Tip 1- Google Chrome and Internet Explorer are better suited than Mozilla Firefox for this webcast event.
Tip 2- Please TEST your computer using the test link above in advance
Tip 3- Please try logging in advance
Please log in by 11:45!
DOUG MACDONALDThe Tax Commission distributed $48.98 million in the last week of May, the second highest distribution in the past nine years. The May distribution represents March taxable retail sales, services and business purchases, but also includes returns from first quarter filers. The $48.98 million was a welcome 4.4% increase from last May’s $46.92 million. The last two months’ percentage change was only 1.7% and -0.8%. We are now hearing that the prior two months included large refund amounts that may continue to affect sales in the coming months.
In the coming months, expect continued gains of 4% to 6%, due to continuing job growth, high consumer sentiment, lower gas prices and expanding new home building. Any further large refunds may mute those gains, however. It also appears that the third month of the quarter has been seasonally stronger than the first two months, at least for the past three quarters.
In Salt Lake County, South Jordan, Draper, West Valley and the two Jordans saw gains greater than 5%. Salt Lake City saw a 3.5% increase, but is still up 5.5% fiscal year-to-date (last nine months).
In Utah County, Lehi’s sales increased 25.5% and its distribution rose almost 15%. Orem’s distribution was up 5.5%, but Provo was flat compared to a year earlier.
Most of Davis County’s large cities did at least as well as the state average. Bountiful’s distribution was up almost 9% and Layton’s was up 5.6%. Farmington’s sales were up 21% and its distribution was up almost 13%.
Ogden and Roy distributions were up close to the state average.
The resort cities of Moab and Park City both saw sales gains approaching 20%.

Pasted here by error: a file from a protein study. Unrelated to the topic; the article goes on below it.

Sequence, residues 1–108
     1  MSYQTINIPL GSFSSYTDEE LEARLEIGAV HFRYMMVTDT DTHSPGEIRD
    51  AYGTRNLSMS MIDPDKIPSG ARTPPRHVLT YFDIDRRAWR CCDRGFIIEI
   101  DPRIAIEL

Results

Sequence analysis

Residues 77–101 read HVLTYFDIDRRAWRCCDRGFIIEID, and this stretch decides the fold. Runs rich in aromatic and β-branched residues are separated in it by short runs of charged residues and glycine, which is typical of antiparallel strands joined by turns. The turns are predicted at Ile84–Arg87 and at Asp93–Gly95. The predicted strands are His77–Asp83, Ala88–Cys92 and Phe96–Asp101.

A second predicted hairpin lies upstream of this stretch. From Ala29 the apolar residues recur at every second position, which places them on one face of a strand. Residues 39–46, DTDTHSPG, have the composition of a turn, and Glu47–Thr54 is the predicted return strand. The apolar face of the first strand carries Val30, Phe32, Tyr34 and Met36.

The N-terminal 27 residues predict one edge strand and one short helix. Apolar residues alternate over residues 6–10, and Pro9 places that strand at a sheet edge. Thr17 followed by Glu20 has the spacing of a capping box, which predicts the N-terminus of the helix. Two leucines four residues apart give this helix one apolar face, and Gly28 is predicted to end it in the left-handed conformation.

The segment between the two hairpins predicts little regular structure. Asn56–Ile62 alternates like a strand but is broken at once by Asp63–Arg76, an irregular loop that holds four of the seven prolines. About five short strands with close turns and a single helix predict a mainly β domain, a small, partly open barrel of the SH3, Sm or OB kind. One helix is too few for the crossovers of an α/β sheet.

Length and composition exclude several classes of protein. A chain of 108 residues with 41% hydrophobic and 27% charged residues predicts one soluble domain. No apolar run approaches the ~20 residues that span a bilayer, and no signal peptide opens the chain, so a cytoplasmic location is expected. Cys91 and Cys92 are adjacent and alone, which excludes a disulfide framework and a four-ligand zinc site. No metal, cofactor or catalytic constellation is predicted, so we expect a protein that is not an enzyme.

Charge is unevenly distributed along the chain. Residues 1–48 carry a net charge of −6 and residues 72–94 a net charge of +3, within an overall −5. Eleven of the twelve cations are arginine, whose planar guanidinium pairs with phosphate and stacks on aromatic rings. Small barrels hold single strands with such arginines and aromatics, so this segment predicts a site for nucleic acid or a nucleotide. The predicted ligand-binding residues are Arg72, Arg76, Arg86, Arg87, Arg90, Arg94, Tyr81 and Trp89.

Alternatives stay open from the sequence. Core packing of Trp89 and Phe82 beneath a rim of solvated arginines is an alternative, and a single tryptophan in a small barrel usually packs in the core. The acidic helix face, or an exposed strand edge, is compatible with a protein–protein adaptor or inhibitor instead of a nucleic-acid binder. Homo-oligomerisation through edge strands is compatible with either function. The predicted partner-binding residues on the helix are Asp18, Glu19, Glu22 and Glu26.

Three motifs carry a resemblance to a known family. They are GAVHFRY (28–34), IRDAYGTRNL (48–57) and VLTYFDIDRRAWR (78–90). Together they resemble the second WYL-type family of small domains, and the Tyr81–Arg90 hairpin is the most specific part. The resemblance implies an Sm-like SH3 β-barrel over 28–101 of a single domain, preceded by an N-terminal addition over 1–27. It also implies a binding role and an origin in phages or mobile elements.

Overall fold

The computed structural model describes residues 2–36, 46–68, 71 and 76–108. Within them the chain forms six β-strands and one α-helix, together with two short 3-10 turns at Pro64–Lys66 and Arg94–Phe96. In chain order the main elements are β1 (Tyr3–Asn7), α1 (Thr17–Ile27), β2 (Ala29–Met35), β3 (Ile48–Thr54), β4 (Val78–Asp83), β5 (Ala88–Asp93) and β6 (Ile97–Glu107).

Click here for ULCT Economist Doug Macdonald’s quarterly construction report for Salt Lake County and and the state.
April’s local 1% distribution came up on the Tax Commission website last week and at $35.98M was off 0.8% compared to a year earlier. Even though the last two distributions were flat compared to last year, the 13.0% gain in February’s distribution pushed up the 3-month average to a 5.5% gain. For the fiscal year, the statewide distributions are up 5.6% compared to fiscal year 2014.
Nationwide, retailers sales were up 1.7% in February, with fairly strong auto sales.
Salt Lake City’s computed sales were up 10.1% in the April distribution, representing largely sales from February. Its distribution was up 4.7% for the month and up 5.8% for the fiscal year. Sandy’s distribution was up 5.3%, implying a direct sales increase of 11.4% for February. The distribution in Draper was up 16.4% in April, implying a 33.6% gain in sales.
In Davis County, Centerville’s distribution 7.6% gain led other cities. Layton and Farmington trailed Centerville with 3% gains.
In Weber County, Ogden and Roy’s distributions fell about 1%.
Lehi’s sales rose 17.6% in April, similar to Draper’s 16% gain, indicating strong growth is clustering there due to an influx of new businesses and homes.
Sales in St. George, Tooele and Moab rose between 5% and 8%.